Ball bearings. Not exactly the stuff that makes for the plot of a glamorous wartime spy mission. Yet technical and dry though the term might sound, ball bearings were crucial to the war effort, as they were necessary to run any kind of engine.
By 1941, the British were running dangerously low on this important technology because the Germans had successfully destroyed all of their factories producing the bearings. The British had equal success in destroying the Germans’ factories, meaning that there was only one country in Europe left successfully producing ball bearings: Sweden.
Like Spain, Sweden was officially a neutral country. Also like Spain, Sweden was much less hesitant in providing assistance to the Germans than to the British, particularly when it came to supplying the warring powers with ball bearings.
Once again, the British needed to somehow meet their objective without violating another country’s neutrality: another mission for the Special Operations Executive.
A group of modern-day swashbucklers and Vikings led by a dashing Arctic explorer on a mission to cross enemy lines in the freezing Baltic: Now that is the stuff of a glamorous spy story.
Sir George Binney was working as the representative of the U.K. Ministry of Supply in Sweden when the war broke out. His job had been to obtain steel, tools, and other supplies (ball bearings among them) to send back to Britain.
Once the war began, he needed to come up with slightly more ingenious methods for accomplishing his task. A former Arctic explorer, Binney was no stranger to organizing dangerous missions in freezing conditions and, together with the Special Operations Executive, he managed to work out a brilliant plan named Operation Bridford.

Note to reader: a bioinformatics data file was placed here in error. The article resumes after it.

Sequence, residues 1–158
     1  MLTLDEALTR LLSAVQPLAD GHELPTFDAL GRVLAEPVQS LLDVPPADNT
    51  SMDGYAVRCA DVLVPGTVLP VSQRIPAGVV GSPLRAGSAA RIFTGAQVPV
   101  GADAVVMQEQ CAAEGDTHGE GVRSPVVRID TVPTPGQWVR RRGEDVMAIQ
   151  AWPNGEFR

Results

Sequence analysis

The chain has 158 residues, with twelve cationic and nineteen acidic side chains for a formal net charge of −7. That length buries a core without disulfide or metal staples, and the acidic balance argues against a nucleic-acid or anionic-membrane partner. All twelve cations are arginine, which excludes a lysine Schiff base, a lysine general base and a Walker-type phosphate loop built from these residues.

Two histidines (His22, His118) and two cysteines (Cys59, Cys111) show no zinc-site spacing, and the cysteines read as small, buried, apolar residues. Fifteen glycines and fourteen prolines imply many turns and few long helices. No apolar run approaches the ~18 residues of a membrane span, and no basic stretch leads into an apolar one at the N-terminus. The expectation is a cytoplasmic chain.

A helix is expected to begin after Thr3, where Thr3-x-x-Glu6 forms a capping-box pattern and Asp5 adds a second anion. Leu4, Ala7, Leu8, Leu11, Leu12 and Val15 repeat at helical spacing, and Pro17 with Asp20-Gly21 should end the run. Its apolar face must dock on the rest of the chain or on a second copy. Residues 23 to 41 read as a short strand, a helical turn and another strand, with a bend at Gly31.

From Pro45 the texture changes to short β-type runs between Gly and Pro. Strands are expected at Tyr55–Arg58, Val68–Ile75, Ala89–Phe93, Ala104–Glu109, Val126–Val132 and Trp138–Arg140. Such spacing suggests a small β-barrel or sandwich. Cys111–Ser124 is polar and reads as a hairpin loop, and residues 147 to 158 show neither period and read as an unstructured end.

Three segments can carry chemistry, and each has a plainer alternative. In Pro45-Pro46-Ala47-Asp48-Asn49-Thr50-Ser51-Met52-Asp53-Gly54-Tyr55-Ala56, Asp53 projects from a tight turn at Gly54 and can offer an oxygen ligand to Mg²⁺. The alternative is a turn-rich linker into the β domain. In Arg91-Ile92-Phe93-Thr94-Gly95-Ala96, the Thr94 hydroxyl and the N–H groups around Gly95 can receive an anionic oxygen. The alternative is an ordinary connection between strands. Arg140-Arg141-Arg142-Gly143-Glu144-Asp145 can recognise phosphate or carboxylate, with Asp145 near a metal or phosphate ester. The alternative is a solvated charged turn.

Back in the late 1930s, Turkey had commissioned eight motor gunboats from Britain; these vessels were larger than the average motorboat, but still capable of moving quickly through the water. After the war started, the Royal Navy requisitioned these vessels and outfitted them with even more guns. The Special Operations Executive determined they would be perfect for a series of blockade running operations.
The missions were planned for September of 1943, when the agents would be able to take advantage of the maximum hours of darkness. The motorboats would need to make the two-day journey to Sweden, pick up supplies without detection, then make the two-day return journey, all the while avoiding the German Baltic Navy.
For diplomatic purposes, the boats could not be manned by the Royal Navy; if caught by the Germans, they would be considered to have violated Sweden’s neutrality. Luckily, there was no shortage of local sailors and fishermen willing to volunteer, despite the danger of the mission.
Many Norwegian sailors who had been stranded on their ships when their country was invaded by the Nazis were also eager to fight back in any way they could. These groups of volunteers in their motorboats managed to make nearly ten raids across enemy lines and bring back a total of 350 tons of supplies, allowing the Royal Navy to avoid taking direct action and violating Sweden’s neutrality.